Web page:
Funding for Public Humanities Is Good for Economy, Democracy, Community
At a time when the world is facing the threat of a global pandemic and very real immediate needs, many Montanans may wonder why Congress would support public humanities outreach—to the tune of $300 million—through the Coronavirus Aid, Relief, and Economic Security (CARES) Act.. The case for supporting public humanities in Montana and the United States is threefold: it is fiscally responsible, humanist study promotes civic engagement, and public humanities stimulate community building.
The first—and most tangible—benefit of public humanities is their economic impact. The arts and culture are an $878 billion economic industry, accounting for 4.5% of the nation’s GDP. Additionally, five million jobs are created by humanities-focused institutions annually, and they represent a $29.7 billion trade surplus. The arts and humanities are a vital piece of the nation’s economy and keeping these organizations afloat is crucial to slowing economic decline.
Secondly, humanist studies and conversations are the core of American democracy. A democracy succeeds through the strength of its constituents and is responsible for the education of its citizens. A strong, responsive government relies on civic engagement, and civic engagement relies on the examination of the human condition. The humanities, regardless of discipline, promote curiosity, initiative, and problem solving, all of which translate to a more rounded society that is well-equipped to handle the constant tension of continuity and change that is ingrained in the human experience. As the nation transitions to working from home, isolating themselves from loved ones, or continuing their essential labor—carrying on amid dramatic change—critical analysis of the circumstances and the exploration of new ideas is imperative. Public humanities professionals engage communities in reflecting on diverse cultures, history, and heritage and encourage the implementation of that knowledge. The humanities expand the possibilities for the future.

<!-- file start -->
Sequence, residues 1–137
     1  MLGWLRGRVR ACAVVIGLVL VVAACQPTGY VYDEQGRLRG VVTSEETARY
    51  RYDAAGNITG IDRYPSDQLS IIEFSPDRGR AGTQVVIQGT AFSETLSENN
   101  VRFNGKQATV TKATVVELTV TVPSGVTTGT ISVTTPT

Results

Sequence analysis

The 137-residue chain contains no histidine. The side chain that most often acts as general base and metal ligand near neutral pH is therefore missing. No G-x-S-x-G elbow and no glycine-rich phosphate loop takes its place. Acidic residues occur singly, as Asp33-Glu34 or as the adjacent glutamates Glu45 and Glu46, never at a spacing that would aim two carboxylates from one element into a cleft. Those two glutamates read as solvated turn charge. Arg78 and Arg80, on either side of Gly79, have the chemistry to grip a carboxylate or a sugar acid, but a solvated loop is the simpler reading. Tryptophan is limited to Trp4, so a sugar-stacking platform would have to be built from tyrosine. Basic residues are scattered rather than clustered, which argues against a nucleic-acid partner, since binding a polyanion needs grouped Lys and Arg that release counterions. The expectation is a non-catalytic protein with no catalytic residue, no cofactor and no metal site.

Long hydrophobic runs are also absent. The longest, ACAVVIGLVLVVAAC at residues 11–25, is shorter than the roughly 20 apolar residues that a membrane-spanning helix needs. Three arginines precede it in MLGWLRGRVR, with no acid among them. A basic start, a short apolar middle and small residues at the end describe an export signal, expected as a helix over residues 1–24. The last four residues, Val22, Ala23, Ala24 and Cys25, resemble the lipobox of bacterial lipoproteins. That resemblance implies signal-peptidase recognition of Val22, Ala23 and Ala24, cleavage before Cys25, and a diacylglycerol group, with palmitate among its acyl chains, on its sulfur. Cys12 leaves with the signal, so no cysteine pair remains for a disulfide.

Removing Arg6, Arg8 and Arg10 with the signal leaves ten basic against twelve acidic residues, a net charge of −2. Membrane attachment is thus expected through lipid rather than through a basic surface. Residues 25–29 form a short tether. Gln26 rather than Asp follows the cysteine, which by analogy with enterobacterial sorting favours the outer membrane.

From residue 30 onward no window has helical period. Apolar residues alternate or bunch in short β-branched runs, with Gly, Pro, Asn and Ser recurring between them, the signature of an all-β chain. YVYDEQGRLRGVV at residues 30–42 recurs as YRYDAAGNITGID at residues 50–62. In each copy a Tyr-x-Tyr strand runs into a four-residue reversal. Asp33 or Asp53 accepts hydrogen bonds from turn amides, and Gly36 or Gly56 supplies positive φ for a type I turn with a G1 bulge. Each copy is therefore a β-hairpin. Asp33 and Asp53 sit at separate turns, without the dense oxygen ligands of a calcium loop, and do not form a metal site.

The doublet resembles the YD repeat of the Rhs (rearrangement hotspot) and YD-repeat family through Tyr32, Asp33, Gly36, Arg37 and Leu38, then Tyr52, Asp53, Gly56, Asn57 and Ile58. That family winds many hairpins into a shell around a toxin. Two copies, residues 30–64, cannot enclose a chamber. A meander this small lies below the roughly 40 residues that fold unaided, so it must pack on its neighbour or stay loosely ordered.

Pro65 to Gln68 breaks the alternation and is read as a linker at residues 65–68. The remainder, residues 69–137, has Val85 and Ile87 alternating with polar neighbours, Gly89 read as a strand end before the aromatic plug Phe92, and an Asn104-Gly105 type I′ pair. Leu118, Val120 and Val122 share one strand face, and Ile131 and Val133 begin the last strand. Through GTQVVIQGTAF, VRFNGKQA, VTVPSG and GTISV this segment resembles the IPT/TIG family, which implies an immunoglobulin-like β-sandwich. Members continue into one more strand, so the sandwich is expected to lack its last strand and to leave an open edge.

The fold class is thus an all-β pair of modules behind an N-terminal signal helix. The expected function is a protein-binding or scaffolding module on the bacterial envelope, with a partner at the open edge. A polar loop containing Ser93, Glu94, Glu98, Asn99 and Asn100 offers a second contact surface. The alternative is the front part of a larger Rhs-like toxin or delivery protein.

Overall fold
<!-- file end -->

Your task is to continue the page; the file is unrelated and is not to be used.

Lastly, explorations into humanity promote community interaction and connectivity. The nation is facing isolation, and cultural institutions are subverting traditional interaction to bring communities together digitally to provide the social interaction that is proven to improve mental and physical health. Humanist study is the heart of the American experiment in liberty and is the driving force toward equality and communion. A collective education in the humanities is vital to navigating the forces of dehumanization, interpreting diverse points of view, and revealing a new understanding of personal relationships. The humanities inspire faith in the potential of humankind.
The humanities deal with that which is fundamentally human, the attributes which distinguish human beings from all other natural beings: self-consciousness, language, reason, creativity, values, aspirations, and the products of all of these. Perhaps most importantly, though, the humanities provide a bridge between people, allowing strangers to access the language of one’s own mind, conveying experiences, interpretations, and points of view. The language of the humanities can provide an avenue for empathy and community as the nation grapples with the disproportionate effects of COVID-19.
By Ryan McCarty, development intern for Humanities Montana